Slow-growing TB bacteria point the way to new drug development
The discovery of a large number of slow-growing Mycobacterium tuberculosis bacteria, which cause tuberculosis (TB), in the lungs of TB patients could be an important step forward in the design of new anti-TB drugs.
Until now it was thought that M. tuberculosis bacteria in the lungs of TB patients were rapidly multiplying. However recent research by Dr Simon Waddell and colleagues from St George's University of London and the University of Leicester, using gene chips to look at how TB bacteria behave in different environments, revealed that the tuberculosis bacteria in the sputum (phlegm coughed from the lungs) of TB patients resemble bacteria that are growing very slowly or hardly at all. This has caused concern, as slowly growing bacteria are non-responsive to treatment with isoniazid, one of the main antibiotics used to treat TB. This may be the reason why it takes six months to treat pulmonary TB successfully, whereas most bacterial infections are treated in days. This prolonged treatment often leads people to stop taking their medicines early or only to take them intermittently, which can cause relapses and the emergence of antibiotic resistance.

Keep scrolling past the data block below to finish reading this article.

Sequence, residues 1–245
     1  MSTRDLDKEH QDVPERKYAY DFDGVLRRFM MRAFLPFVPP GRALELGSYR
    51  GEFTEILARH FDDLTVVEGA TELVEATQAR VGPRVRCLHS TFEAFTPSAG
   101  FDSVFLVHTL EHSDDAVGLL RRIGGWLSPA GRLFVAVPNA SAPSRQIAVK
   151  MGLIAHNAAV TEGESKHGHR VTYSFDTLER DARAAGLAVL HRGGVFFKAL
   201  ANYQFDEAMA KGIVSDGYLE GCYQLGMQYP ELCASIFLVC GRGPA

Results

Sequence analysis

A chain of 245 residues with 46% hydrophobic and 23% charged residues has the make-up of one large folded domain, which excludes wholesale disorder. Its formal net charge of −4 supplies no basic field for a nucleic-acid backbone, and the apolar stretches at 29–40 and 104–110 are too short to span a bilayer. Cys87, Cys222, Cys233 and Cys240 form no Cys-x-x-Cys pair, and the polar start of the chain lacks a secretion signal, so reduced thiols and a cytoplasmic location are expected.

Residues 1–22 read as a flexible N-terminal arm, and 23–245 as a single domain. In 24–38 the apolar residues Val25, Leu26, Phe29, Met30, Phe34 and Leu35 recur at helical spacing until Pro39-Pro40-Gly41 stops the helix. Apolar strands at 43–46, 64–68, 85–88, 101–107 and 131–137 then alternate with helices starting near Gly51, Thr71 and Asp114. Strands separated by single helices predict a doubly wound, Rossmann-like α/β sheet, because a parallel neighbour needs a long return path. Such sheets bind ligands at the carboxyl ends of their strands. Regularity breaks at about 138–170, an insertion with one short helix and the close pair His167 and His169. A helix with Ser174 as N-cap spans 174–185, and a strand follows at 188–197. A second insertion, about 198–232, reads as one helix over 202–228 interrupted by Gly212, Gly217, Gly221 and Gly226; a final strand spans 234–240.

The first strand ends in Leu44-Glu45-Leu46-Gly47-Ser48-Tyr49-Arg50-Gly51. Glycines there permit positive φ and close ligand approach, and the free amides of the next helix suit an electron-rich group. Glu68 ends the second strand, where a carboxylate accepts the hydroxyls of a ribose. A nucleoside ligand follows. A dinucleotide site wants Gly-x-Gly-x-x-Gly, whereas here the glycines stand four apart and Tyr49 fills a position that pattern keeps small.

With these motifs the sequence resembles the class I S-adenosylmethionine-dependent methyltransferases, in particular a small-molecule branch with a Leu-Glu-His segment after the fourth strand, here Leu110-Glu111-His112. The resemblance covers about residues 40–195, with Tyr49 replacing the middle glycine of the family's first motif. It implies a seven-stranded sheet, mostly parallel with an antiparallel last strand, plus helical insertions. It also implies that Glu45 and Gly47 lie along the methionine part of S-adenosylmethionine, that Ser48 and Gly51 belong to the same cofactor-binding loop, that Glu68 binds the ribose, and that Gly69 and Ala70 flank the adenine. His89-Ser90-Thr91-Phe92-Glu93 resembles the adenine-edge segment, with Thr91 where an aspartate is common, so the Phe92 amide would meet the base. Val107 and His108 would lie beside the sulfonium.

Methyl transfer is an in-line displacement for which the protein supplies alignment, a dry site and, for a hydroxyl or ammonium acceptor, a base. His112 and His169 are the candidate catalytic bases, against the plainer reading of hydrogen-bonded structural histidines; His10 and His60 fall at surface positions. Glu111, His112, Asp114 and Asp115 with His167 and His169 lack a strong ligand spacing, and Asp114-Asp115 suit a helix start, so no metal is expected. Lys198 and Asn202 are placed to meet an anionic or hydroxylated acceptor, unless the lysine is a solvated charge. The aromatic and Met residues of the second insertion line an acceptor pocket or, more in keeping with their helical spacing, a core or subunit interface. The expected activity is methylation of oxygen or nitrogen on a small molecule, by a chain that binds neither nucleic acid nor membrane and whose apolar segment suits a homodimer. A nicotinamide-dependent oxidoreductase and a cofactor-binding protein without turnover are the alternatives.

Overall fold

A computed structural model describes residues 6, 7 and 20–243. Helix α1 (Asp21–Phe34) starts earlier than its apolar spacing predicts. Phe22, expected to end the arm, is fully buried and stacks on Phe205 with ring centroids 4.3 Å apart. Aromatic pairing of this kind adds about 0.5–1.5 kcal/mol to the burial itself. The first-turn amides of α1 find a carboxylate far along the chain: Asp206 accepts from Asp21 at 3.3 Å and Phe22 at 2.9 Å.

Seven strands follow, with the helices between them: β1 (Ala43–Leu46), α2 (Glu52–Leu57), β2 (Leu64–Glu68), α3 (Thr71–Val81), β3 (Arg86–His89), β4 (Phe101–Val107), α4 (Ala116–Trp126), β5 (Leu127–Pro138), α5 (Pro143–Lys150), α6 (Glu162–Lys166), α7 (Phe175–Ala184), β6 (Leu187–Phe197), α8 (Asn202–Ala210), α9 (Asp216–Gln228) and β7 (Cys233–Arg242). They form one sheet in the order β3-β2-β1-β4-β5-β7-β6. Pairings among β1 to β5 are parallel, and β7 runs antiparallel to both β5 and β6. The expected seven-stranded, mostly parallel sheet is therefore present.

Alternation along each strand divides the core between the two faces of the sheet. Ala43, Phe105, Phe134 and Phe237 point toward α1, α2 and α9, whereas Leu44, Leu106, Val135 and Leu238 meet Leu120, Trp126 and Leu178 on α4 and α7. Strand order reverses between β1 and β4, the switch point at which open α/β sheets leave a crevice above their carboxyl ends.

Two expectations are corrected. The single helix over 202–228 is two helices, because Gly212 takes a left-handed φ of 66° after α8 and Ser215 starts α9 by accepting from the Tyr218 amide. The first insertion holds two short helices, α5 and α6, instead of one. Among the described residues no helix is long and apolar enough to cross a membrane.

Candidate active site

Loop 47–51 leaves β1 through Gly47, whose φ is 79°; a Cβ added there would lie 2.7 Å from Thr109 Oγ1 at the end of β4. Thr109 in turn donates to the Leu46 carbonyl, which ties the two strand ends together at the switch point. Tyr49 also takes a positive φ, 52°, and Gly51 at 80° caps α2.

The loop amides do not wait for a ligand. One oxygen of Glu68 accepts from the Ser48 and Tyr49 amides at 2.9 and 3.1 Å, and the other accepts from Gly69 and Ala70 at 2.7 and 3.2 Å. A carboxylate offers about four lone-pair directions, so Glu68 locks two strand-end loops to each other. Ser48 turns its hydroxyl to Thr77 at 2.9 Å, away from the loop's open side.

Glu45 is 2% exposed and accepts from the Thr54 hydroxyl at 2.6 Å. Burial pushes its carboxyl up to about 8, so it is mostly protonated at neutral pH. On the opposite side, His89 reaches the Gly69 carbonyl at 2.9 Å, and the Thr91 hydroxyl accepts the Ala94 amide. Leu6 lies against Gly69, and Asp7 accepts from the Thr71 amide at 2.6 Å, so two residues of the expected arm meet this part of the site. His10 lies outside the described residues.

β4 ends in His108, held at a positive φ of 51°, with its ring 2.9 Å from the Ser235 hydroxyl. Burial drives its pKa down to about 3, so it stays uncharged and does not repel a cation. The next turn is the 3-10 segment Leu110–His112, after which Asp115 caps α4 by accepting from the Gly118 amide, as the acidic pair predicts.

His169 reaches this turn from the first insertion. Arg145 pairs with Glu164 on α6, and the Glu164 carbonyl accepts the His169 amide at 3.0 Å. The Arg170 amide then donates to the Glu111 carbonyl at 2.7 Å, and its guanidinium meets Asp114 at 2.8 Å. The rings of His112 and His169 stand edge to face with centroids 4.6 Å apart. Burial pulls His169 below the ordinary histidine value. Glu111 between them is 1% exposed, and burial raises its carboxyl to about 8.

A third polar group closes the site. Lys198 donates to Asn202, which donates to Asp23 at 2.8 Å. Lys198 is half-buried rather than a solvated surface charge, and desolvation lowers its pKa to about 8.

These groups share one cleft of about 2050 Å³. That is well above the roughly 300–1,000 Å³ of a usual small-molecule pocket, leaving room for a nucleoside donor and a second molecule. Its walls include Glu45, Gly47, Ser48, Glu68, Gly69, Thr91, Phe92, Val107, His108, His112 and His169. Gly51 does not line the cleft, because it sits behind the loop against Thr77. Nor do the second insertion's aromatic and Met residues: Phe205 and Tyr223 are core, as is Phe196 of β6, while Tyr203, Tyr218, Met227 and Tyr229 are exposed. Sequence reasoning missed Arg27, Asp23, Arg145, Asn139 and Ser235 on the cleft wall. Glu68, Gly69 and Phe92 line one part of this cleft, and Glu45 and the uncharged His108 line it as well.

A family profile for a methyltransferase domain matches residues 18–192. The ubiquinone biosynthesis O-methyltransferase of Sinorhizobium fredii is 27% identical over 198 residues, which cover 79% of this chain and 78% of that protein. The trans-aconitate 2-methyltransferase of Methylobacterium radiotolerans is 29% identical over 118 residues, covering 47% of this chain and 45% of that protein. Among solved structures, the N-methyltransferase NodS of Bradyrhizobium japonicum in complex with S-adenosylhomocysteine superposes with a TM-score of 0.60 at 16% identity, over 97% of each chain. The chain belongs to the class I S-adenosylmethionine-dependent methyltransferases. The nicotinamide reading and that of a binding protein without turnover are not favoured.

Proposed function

"Our observations imply that either a large number of the infecting bacteria in the lungs are not multiplying rapidly as previously suggested; or the bacteria are adapting by not growing when they are coughed from the lungs into the air," said Dr Waddell, presenting his findings at the Society for General Microbiology meeting at Harrogate today (Monday 30 March).
"We need to find out how bacteria respond during infection and after drug treatment to understand how bacteria become tolerant to antibiotics. This will provide alternative opportunities for the development of better drugs that the world desperately needs to combat the growing health threat of TB."
Tuberculosis kills around 1.7 million people each year, equating to 4,500 deaths a day, or someone dying of TB every 19 seconds. Approximately one third of the world's population are infected with tuberculosis bacteria (~2 billion people), of which around one in ten will develop active disease. Current antibiotic treatment for M. tuberculosis involves a minimum of 3 drugs over a 6-month period (isoniazid, rifampicin and pyrazinamide for 2 months, followed by isoniazid and rifampicin for a further 4 months). Multidrug-resistant TB (MDR-TB), resistant to two front line drugs, and extensively-drug resistant TB (XDR-TB), resistant to at least two front line drugs and two others, have recently become major clinical problems. It is estimated by the WHO (World Health Organisation) that there are around 500,000 new cases of MDR-TB per year, and 40,000 new cases of XDR-TB. The need for new drugs to treat TB is greater now than ever.
Source: Society for General Microbiology